What is the difference between a web page and a web application? Though we tend to identify documents with reading and applications with interaction, most web-based applications are of the blended variety: Users can consume information and perform tasks in the same place. Regardless, the way we approach building web applications usually dispenses with some of the simple virtues of the readable web.
AJAX calls have moved user interaction on the Web a huge step forward: We no longer need to reload the page in response to each user input. Using AJAX, we can call specific procedures on the server and update the page based on the returned values, giving our applications fast interactivity. What AJAX calls do not cover are updates from the server, which are needed for the modern real-time and collaborative Web. This need for updates covers use cases ranging from a couple of users collaboratively editing a document to the notification of potentially millions of readers of a news website that a goal has been scored in a World Cup match.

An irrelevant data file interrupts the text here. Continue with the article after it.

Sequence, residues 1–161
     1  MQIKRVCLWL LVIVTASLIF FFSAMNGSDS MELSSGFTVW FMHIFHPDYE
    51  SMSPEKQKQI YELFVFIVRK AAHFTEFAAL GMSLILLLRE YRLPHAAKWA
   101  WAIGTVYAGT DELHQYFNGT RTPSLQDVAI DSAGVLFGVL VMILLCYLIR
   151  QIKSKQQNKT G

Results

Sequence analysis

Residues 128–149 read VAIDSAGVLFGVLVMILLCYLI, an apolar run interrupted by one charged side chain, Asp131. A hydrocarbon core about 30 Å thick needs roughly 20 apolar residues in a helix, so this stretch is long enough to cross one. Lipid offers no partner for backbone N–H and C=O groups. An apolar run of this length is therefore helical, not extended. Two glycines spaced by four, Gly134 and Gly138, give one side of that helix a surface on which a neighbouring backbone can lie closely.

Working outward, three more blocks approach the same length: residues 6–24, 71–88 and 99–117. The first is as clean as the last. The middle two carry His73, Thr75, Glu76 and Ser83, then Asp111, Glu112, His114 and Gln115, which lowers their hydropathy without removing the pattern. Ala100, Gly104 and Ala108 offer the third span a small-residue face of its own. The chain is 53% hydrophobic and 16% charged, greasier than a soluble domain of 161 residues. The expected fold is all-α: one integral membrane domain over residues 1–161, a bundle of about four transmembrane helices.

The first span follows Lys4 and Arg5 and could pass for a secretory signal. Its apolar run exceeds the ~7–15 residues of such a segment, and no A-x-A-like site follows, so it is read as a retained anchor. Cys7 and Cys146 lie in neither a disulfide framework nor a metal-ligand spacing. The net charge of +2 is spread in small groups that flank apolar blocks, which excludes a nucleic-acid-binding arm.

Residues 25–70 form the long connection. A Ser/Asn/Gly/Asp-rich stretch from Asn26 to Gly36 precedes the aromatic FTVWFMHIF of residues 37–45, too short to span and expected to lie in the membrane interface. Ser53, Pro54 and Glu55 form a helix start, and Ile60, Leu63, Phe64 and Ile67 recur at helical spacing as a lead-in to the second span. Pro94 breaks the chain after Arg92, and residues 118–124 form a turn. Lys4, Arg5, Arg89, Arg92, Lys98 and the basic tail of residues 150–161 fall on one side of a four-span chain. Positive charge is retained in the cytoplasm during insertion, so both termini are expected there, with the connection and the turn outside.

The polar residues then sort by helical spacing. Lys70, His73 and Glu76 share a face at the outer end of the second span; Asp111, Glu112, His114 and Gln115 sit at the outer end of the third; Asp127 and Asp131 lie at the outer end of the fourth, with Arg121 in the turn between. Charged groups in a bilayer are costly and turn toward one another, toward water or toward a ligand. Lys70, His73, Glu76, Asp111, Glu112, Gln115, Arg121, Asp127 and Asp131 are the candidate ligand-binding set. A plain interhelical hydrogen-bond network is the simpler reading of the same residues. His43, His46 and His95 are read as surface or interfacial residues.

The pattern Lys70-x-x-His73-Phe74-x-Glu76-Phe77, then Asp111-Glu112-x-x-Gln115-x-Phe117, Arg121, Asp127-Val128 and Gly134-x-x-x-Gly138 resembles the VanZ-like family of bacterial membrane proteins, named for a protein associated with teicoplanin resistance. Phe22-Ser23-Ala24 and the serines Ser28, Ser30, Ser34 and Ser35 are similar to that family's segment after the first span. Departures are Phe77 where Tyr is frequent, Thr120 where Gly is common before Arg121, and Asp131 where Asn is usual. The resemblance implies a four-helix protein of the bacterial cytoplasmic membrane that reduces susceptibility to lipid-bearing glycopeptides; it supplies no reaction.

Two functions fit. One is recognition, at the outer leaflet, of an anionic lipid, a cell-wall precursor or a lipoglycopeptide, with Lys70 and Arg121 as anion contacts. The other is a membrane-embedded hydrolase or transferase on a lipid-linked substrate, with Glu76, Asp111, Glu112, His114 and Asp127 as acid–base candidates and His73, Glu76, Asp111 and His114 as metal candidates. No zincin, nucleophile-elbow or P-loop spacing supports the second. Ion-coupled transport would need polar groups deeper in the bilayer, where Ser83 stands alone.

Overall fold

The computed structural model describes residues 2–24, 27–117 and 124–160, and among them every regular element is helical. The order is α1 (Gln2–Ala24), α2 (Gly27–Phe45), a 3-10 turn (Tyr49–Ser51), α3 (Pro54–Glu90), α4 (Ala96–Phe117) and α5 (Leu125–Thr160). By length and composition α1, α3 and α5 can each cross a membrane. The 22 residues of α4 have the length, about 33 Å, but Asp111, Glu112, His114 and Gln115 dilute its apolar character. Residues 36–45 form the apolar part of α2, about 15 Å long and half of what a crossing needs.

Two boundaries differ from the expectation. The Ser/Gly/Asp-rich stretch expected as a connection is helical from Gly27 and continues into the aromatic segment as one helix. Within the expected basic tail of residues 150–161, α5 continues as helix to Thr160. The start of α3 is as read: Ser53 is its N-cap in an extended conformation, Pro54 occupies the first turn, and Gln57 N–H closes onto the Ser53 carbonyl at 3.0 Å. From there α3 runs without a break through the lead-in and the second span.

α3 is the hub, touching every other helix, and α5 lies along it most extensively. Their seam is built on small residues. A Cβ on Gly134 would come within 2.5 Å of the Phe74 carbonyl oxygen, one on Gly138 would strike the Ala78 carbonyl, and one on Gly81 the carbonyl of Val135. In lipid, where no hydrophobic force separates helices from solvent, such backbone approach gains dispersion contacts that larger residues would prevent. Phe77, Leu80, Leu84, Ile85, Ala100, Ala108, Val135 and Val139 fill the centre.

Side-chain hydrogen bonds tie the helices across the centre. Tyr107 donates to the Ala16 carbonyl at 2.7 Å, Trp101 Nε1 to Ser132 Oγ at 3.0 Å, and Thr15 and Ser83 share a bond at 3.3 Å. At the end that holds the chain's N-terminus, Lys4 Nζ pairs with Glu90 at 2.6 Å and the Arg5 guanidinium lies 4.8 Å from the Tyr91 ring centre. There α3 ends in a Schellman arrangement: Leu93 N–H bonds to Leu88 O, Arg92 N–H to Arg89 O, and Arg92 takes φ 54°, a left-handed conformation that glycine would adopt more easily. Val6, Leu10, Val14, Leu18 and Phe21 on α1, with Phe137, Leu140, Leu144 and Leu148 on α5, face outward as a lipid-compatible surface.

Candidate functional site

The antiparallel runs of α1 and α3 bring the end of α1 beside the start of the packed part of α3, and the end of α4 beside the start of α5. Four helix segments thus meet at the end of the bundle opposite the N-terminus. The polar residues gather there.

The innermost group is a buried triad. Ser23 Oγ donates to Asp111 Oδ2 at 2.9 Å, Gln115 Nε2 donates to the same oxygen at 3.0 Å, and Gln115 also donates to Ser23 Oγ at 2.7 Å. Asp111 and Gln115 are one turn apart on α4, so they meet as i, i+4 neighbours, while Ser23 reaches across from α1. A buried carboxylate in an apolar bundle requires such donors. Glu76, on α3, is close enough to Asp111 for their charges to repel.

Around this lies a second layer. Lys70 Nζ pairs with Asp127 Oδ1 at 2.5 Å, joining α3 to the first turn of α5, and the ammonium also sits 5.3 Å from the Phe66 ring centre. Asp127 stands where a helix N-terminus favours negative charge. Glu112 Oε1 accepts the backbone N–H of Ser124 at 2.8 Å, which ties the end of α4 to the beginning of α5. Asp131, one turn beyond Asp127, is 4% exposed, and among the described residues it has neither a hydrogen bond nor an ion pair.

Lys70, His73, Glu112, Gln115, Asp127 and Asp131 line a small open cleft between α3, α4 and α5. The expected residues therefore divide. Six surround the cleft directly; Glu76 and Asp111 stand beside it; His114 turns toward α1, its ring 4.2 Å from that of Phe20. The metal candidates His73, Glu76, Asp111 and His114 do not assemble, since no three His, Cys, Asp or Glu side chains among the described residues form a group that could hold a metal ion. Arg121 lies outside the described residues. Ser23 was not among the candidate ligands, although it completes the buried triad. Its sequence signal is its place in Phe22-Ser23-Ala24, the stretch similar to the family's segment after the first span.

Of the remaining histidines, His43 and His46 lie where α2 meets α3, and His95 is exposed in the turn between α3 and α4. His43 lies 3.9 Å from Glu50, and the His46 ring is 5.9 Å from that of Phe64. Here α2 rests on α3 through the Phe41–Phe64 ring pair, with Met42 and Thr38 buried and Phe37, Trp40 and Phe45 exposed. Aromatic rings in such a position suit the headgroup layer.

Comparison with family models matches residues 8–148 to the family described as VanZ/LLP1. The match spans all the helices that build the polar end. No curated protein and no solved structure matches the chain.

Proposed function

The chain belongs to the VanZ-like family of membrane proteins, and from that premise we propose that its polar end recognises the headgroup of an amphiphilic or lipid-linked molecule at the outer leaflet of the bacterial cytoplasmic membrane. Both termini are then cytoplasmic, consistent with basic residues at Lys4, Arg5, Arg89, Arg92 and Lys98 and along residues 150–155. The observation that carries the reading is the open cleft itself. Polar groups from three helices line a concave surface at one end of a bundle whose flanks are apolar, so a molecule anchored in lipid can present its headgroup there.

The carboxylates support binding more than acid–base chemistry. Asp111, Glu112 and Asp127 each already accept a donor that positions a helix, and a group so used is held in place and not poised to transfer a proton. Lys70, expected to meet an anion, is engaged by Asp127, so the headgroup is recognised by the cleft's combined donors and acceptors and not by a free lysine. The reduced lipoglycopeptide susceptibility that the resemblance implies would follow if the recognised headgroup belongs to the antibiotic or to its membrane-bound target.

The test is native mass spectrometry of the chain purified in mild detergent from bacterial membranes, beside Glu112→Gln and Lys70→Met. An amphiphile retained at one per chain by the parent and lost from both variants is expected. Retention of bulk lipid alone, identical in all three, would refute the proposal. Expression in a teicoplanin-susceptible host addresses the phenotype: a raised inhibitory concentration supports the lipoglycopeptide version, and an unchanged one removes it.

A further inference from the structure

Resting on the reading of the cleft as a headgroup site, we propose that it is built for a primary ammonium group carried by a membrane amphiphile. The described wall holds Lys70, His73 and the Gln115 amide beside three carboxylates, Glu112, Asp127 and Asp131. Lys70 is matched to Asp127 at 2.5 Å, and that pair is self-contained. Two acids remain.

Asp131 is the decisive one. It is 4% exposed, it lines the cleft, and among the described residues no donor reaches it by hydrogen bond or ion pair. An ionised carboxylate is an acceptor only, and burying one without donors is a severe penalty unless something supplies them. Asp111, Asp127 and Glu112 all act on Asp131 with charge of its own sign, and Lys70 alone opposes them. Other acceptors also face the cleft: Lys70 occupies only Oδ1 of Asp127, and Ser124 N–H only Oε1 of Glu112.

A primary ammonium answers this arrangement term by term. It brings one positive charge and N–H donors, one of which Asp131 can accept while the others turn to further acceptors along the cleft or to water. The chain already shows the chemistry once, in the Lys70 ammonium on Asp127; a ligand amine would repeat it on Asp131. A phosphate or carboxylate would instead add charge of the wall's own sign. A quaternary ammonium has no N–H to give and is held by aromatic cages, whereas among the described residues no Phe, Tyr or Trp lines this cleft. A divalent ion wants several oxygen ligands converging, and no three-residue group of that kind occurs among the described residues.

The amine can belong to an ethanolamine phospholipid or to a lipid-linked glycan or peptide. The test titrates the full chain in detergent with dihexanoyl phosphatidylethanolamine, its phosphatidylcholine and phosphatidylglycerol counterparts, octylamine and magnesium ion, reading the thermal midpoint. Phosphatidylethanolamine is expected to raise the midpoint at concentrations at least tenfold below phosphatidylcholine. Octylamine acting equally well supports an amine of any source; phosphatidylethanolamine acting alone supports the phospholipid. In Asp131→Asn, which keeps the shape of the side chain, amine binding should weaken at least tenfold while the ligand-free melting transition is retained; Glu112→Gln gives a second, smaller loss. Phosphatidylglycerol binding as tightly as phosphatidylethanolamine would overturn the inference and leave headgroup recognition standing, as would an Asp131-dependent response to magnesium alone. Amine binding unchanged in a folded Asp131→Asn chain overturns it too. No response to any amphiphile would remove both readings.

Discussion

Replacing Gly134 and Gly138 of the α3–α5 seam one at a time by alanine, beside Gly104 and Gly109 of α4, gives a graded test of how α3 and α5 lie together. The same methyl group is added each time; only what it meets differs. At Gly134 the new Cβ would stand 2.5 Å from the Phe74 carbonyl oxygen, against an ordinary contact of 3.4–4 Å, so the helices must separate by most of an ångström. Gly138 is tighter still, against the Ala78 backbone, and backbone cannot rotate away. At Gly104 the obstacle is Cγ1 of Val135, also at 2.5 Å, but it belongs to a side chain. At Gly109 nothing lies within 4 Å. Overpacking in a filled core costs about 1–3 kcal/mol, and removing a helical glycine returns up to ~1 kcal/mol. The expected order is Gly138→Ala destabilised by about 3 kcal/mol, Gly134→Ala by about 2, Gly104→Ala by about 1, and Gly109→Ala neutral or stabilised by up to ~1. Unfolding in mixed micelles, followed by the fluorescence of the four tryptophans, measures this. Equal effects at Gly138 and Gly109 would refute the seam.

Regardless of the language you're programming in, we always want to try to produce clean, concise, and correct code. This is a sign of a good programmer and it lets you know your apps are running properly. Linting helps with this by analyzing your code and highlighting common issues regarding syntax and coding conventions based on best practices.
In the first part of this series about using CreateJs, we had a look at EaselJs. In this second and last part, we will look at PreloadJs, SoundJs, and TweenJs. PreloadJS is a library that lets you manage and co-ordinate the loading of assets. PreloadJS makes it easy to preload your assets, like images, sounds, JS, data, and others. It uses XHR2 to provide real progress information when available or fall back to tag-loading and eased progress when it is not. It allows multiple queues, multiple connections, pausing queues, and a lot more.
A little while ago Raymond Camden wrote about the recent updates to the Brackets editor. Brackets is an open source project focused on web standards and built with web technologies. It has a narrow focus and therefore may not have a particular feature you’ve come to depend upon. Luckily, Brackets ships with a powerful extension API that lets you add any number of new features. In this article, he's going to discuss this API and demonstrate how you can build your own extensions.